According to the article, though, "more than $26 million in fines" have been levied for violations of this law, suggesting that enforcement of the Forbidden Question Law is not at all uncommon. The fine in this case was $6,000, so assuming that's average and doing the math, more than 4,000 Americans or American companies have been fined for asking the forbidden question, or failure to report that someone else asked the forbidden question.

Link




posted on Jun, 30 2004 @ 03:14 AM
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WTF. I'll ask. And I'll ask with a big smile and challenge them to do something about it. All I can say is smooch smooch smooch... right here. lol. How nuts is this?



posted on Jun, 30 2004 @ 06:33 AM
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Yep, I have been aware of this one. In terms of providing an effective means of boycott, it is totally unfair. It's about as ridiculous as calling french fries "freedom fries".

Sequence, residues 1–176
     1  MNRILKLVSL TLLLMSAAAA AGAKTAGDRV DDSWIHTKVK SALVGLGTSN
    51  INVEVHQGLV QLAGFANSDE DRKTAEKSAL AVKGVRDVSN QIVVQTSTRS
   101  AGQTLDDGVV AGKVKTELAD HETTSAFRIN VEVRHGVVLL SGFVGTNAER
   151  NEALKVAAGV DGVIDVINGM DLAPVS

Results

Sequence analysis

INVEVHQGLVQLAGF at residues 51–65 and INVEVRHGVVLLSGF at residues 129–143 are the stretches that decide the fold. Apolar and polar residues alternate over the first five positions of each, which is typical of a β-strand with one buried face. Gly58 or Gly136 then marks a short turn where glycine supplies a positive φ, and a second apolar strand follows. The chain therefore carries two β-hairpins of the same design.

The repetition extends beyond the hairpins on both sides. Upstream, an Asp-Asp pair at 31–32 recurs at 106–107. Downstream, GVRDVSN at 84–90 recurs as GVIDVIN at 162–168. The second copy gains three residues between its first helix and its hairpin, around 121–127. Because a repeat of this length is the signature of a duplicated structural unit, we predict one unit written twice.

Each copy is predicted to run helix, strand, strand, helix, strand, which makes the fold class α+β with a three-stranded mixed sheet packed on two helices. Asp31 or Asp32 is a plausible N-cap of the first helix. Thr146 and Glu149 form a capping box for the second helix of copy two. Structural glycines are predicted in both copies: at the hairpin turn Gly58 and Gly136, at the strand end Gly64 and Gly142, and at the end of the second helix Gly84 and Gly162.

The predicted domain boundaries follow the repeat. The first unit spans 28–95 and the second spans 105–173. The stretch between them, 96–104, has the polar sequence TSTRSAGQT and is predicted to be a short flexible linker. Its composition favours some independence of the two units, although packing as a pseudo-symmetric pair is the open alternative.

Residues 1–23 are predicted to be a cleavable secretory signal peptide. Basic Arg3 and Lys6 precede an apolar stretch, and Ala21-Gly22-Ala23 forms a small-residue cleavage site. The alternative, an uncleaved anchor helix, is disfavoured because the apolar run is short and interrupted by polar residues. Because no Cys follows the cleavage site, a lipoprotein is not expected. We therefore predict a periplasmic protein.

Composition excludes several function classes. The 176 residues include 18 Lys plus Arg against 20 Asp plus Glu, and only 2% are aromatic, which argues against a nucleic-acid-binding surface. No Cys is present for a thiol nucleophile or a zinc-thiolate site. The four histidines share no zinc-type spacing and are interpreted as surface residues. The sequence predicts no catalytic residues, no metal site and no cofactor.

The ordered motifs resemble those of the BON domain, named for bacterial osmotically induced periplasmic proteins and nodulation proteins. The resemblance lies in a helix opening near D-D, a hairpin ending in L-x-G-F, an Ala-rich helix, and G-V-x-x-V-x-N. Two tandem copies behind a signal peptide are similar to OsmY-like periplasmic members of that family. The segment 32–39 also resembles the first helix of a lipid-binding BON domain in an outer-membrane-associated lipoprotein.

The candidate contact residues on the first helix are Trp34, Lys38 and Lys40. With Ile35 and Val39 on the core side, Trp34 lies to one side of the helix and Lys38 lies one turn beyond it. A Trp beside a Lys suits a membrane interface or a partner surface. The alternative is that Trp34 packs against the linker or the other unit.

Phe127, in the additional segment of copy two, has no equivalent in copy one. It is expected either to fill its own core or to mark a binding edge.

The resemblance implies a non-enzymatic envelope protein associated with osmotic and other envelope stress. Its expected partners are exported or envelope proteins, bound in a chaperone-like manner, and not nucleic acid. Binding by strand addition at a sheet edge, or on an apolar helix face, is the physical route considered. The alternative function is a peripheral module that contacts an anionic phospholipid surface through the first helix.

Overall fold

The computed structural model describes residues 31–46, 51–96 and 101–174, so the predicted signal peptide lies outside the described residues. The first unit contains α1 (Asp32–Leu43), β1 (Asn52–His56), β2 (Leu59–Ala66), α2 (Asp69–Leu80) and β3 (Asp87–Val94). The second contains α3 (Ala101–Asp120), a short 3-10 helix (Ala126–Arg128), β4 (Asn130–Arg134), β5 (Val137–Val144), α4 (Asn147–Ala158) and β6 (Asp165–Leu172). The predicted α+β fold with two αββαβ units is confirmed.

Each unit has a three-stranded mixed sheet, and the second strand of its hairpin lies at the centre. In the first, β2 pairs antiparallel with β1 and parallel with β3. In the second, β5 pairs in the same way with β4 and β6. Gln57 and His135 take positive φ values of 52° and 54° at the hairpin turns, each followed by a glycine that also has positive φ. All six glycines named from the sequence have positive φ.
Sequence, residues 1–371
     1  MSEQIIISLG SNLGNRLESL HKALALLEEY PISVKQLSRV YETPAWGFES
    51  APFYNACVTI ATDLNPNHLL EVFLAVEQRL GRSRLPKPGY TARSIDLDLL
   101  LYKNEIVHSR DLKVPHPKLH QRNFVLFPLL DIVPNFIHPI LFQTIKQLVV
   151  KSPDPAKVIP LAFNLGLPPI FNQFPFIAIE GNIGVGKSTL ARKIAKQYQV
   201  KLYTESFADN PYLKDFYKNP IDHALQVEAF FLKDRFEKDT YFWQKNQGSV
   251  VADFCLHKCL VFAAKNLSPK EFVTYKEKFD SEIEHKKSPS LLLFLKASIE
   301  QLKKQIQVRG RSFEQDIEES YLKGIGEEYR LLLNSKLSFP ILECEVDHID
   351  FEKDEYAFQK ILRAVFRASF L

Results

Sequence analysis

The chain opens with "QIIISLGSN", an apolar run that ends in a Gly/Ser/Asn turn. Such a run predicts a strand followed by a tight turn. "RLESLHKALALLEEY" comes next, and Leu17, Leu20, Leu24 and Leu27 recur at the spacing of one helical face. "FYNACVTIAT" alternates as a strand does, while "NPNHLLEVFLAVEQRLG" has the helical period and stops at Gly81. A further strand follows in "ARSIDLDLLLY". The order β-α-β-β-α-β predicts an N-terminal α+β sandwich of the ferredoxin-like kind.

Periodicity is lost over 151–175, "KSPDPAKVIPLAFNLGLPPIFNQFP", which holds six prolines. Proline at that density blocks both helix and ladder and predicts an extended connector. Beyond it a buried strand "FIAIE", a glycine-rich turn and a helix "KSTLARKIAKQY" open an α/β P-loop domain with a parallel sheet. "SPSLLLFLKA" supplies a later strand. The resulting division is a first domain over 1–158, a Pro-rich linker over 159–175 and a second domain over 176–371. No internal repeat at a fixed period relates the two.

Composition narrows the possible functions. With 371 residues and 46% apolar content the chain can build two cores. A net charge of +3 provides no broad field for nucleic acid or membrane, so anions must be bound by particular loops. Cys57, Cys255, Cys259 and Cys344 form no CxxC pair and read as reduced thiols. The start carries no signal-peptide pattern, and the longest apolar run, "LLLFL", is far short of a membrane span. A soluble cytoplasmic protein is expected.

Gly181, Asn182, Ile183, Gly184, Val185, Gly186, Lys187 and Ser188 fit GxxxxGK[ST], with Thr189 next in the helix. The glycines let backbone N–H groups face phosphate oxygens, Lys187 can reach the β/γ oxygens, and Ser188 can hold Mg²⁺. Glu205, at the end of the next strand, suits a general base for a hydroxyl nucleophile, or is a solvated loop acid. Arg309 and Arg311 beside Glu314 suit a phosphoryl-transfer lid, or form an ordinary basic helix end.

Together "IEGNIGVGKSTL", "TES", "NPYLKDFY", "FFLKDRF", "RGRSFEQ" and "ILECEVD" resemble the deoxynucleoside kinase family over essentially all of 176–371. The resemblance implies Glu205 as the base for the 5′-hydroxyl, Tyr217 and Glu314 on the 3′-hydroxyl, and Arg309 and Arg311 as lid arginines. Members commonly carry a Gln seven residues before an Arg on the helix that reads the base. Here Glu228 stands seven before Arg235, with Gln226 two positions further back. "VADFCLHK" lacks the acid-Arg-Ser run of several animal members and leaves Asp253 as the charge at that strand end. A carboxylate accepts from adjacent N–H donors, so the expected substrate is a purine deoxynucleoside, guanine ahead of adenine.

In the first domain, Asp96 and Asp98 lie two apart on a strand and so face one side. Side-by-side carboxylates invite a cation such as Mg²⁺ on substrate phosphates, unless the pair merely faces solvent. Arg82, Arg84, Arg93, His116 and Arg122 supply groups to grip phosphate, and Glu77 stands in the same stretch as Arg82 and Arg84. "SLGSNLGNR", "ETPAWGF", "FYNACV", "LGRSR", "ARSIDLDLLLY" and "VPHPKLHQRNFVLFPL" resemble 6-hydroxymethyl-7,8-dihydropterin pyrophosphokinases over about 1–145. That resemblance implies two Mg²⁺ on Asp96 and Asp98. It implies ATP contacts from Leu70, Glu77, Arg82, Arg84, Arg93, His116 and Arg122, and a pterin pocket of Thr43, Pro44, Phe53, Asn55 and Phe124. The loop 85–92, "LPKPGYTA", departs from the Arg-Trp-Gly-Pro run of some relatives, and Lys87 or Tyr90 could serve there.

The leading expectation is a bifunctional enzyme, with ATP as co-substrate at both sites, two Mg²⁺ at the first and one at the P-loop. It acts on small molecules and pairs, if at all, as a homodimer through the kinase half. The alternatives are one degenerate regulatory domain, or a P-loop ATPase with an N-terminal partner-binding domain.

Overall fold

The point being, the consumer has the right to refuse spending his or her money on what he or she does not want to support. Be it France or Israel, if someone doesn't want to buy something from either location, that's their prerogative.

That's not to say Israeli goods are substandard merchandise. Israeli technology is quite excellent. I think this issue has more to do with the Mossad blackmailing the US, aside from how much money taxpayers actually spend in terms of supporting Israel. Business as usual.



posted on Jun, 30 2004 @ 08:36 AM
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Apparently, if you check the barcode, a number starting with 729 indicates it's probably an israeli product.

www.missionislam.com...



posted on Jun, 30 2004 @ 08:39 AM
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thanks!! thank you very much, muppet! that link also seems quite insightful. as it says; it may not be totally accurate, but at least it does help to identify the source of the product in some way or another.